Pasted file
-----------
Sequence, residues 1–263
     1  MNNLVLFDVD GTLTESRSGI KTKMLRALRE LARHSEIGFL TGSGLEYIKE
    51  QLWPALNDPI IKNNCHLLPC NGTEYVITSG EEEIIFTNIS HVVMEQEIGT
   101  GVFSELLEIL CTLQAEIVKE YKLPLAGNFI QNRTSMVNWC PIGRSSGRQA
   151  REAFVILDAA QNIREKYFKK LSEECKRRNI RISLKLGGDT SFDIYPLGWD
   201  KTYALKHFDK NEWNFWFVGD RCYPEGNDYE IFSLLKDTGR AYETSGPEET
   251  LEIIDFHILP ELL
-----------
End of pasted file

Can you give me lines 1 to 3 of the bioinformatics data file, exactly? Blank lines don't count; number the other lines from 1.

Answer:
Sequence, residues 1–263
     1  MNNLVLFDVD GTLTESRSGI KTKMLRALRE LARHSEIGFL TGSGLEYIKE
    51  QLWPALNDPI IKNNCHLLPC NGTEYVITSG EEEIIFTNIS HVVMEQEIGT